Q577 Mr Liddell-Grainger: It is the private part that fascinates me, because other ones that have been in private have tended to be medical where sensibilities are affected. With no disrespect, I would not count cattle and sheep in quite the same category! Would you?

Sir Brian Bender: No, of course not. I can only repeat the point I made earlier, that the issues that led ministers to take the view that the evidence from key people should be taken in private related to speed and potentially candour, and there was a public element as well.

Q578 Mr Liddell-Grainger: Do you think in future that things like outbreaks of this severity ‑ and I am not asking you to look back I am asking you about the future ‑ should be held in public?

Sir Brian Bender: I think a real tribute to Dr Anderson was that he completed his report within six months of starting and 12 months of the inquiry being announced. That was an enormous achievement and it was a pretty hard hitting report that contained some powerful lessons. The question comes back to: what is appropriate in the circumstances?

Q579 Mr Liddell-Grainger: Yes, that I do not disagree with, but there are a lot of these other ones which have a much broader brief. We have a list here of the ones that have been undertaken by all three of your departments. Some of them are very, very comprehensive indeed. This one was the smallest brief: to make recommendations on the way the Government should handle any future major outbreak. Was it too narrow because you were trying to get speed? There have been inquiries into foot and mouth before. Is this the sixth inquiry?

Sir Brian Bender: You are probably better informed than I. The previous one was the 1969 Northumberland one.

Q580 Mr Liddell-Grainger: There have been more since then. There are not many years we have not had some form of foot and mouth. It seems to reoccur, does it not?

Sir Brian Bender: No, we had 1969 and then 1980, or 1986.

Q581 Chairman: 1922, 1954, 1968.

Sir Brian Bender: In the 19th century, the early part of the 20th century there were lots. 1967/8 was the last big outbreak, and then there was something small on the Isle of Wight in the 1980s. Do bear in mind that there were three separate aspects of foot and mouth that were inquired into. One can debate whether it was right to break it into three, but that is what ministers decided and each was conducted fairly efficiently. Therefore there was an inquiry on the future of the farming industry which had been in crisis, there was an inquiry on the scientific issues and there was something about what are the systemic lessons? My view is that the fact that each of those three was conducted quickly and gave fairly powerful lessons for government and stakeholders is a tribute to the processes. Whether we do it the same in the future, I could not say.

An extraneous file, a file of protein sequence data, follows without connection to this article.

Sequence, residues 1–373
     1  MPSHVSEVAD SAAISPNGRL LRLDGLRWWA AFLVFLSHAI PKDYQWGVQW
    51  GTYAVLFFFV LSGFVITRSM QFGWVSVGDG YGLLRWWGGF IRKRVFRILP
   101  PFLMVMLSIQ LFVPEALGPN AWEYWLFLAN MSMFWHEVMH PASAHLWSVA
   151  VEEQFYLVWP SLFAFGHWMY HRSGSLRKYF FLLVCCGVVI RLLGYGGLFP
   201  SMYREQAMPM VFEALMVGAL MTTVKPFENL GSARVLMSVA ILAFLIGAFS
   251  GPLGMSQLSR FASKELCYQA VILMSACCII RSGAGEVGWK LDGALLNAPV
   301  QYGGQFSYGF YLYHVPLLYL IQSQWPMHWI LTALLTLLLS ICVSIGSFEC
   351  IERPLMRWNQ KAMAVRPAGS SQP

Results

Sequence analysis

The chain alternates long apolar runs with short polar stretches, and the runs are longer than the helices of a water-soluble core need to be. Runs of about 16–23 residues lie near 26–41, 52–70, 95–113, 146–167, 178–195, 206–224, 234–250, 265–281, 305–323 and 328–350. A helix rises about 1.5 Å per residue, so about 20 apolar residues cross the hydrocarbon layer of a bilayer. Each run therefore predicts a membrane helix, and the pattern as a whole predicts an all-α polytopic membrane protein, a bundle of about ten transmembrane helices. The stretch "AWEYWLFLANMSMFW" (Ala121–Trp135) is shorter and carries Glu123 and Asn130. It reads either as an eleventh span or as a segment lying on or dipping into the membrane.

Q582 Chairman: The BSE Inquiry in 1997, which is the nearest equivalent to which your department was involved, was a very comprehensive three year inquiry under Lord Phillips. It was a very good report indeed. It went into enormous depth. One report ‑ okay it did take longer ‑ one inquiry. You are talking about basically four separate inquiries: Dr Anderson's and the Curry three. You had the scientific, you had the lessons and you had the future of farming. Surely with an inquiry of that type it would have been better, looking back on it, to have lumped them together, would it not, and do the more intensive inquiry that Lord Phillips carried out in 1997?

Sir Brian Bender: Again, the primary issue around BSE was the investigation over a ten year period.

Q583 Chairman: We are talking about a 100 year period?

Sir Brian Bender: Actually ministers did not want to talk about a 100 year period. Ministers wanted talk about the current science of foot and mouth and the lessons from the 2001 outbreak to minimise the risk of recurrence. I think the circumstances were different. I certainly think the circumstances around Curry were different from the circumstances around the Royal Society study and the Anderson inquiry, because the Curry one was forward looking on the farming industry, whereas Anderson and the Royal Society were looking at the issues around the outbreak. You could certainly argue that those two could have been combined and in future might be?